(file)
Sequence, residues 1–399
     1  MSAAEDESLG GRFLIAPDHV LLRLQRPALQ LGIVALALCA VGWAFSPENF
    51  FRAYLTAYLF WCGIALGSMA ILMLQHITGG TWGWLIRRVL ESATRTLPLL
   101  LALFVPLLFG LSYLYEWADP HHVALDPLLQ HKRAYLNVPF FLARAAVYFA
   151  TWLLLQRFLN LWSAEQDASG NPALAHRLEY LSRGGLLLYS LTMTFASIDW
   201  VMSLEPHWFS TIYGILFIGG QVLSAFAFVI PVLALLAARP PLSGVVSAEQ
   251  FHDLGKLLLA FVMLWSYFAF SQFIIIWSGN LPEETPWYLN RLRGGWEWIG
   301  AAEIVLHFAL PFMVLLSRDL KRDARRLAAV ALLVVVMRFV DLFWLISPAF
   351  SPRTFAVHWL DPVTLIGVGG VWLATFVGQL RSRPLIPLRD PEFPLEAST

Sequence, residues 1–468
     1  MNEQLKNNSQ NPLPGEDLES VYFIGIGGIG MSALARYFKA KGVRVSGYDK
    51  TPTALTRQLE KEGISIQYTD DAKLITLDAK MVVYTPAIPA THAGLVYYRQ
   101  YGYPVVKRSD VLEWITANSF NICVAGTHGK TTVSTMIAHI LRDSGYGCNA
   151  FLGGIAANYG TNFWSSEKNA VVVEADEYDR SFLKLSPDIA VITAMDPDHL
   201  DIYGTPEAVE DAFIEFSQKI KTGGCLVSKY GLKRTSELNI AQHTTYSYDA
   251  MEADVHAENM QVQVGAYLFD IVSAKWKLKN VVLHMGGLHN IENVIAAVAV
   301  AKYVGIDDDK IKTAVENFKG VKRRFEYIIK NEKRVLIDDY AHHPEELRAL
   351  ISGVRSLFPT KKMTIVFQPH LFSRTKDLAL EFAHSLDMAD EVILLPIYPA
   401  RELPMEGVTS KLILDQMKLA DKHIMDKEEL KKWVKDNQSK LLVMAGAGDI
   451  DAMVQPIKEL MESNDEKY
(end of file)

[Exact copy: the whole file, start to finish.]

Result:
Sequence, residues 1–399
     1  MSAAEDESLG GRFLIAPDHV LLRLQRPALQ LGIVALALCA VGWAFSPENF
    51  FRAYLTAYLF WCGIALGSMA ILMLQHITGG TWGWLIRRVL ESATRTLPLL
   101  LALFVPLLFG LSYLYEWADP HHVALDPLLQ HKRAYLNVPF FLARAAVYFA
   151  TWLLLQRFLN LWSAEQDASG NPALAHRLEY LSRGGLLLYS LTMTFASIDW
   201  VMSLEPHWFS TIYGILFIGG QVLSAFAFVI PVLALLAARP PLSGVVSAEQ
   251  FHDLGKLLLA FVMLWSYFAF SQFIIIWSGN LPEETPWYLN RLRGGWEWIG
   301  AAEIVLHFAL PFMVLLSRDL KRDARRLAAV ALLVVVMRFV DLFWLISPAF
   351  SPRTFAVHWL DPVTLIGVGG VWLATFVGQL RSRPLIPLRD PEFPLEAST

Sequence, residues 1–468
     1  MNEQLKNNSQ NPLPGEDLES VYFIGIGGIG MSALARYFKA KGVRVSGYDK
    51  TPTALTRQLE KEGISIQYTD DAKLITLDAK MVVYTPAIPA THAGLVYYRQ
   101  YGYPVVKRSD VLEWITANSF NICVAGTHGK TTVSTMIAHI LRDSGYGCNA
   151  FLGGIAANYG TNFWSSEKNA VVVEADEYDR SFLKLSPDIA VITAMDPDHL
   201  DIYGTPEAVE DAFIEFSQKI KTGGCLVSKY GLKRTSELNI AQHTTYSYDA
   251  MEADVHAENM QVQVGAYLFD IVSAKWKLKN VVLHMGGLHN IENVIAAVAV
   301  AKYVGIDDDK IKTAVENFKG VKRRFEYIIK NEKRVLIDDY AHHPEELRAL
   351  ISGVRSLFPT KKMTIVFQPH LFSRTKDLAL EFAHSLDMAD EVILLPIYPA
   401  RELPMEGVTS KLILDQMKLA DKHIMDKEEL KKWVKDNQSK LLVMAGAGDI
   451  DAMVQPIKEL MESNDEKY